Retirement Income: Perception vs. Reality
Work for decades. Save for decades. Then after those decades and the end of the retirement party, the spending begins. That’s the way it works, at least in common parlance. But some analysts at Vanguard beg to differ.
In “Retirement Income: Perceptions vs. Reality
,” Anna Madamba, Ph.D. of the Vanguard Center for Retirement Research posits that this conception of the order of things is less than universally true. In fact, says Madamba, “Conventional wisdom is often too simplistic or even wrong.”
Madamba and her colleagues studied the retirement income of retiree households with at least $100,000 in savings. They estimate that their sample encompasses 24%-35% of U.S. households ages 60-75.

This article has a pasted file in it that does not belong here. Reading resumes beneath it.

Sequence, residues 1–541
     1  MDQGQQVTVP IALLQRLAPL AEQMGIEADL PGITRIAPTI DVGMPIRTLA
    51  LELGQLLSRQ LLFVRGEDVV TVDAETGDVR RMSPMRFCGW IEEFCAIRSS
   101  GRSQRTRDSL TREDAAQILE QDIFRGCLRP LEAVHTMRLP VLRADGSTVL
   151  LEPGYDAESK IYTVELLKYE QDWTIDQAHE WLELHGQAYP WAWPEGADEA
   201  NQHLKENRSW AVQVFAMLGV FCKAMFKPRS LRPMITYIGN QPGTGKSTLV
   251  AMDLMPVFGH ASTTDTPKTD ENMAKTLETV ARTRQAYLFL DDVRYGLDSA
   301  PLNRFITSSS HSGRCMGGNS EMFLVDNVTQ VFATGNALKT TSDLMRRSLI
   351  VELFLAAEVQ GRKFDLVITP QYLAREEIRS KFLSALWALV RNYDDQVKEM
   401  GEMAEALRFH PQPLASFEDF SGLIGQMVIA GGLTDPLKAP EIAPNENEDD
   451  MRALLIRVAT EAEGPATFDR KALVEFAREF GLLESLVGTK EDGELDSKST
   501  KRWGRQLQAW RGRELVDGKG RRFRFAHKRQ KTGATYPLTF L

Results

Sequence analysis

The researchers made three basic findings:
1. retirement income is varied and complex;
2. retirement income still includes pensions; and
3. retirees are spending, but are saving as well.
Among the findings that challenge conventional wisdom are that:
- There are more sources for retirement income than a pension, Social Security or a defined contribution account.
- There are segments of the retiree population that continue investing so their assets grow.
- Pensions are the source of retirement income for a larger segment of the retiree population than many may imagine.
- Many retirees continue to save money and do not simply draw down what they set aside while they were working.
Madamba and her colleagues add that these findings also signify that it is important to focus on more than simply generating income, but also how it is saved and spent long-term.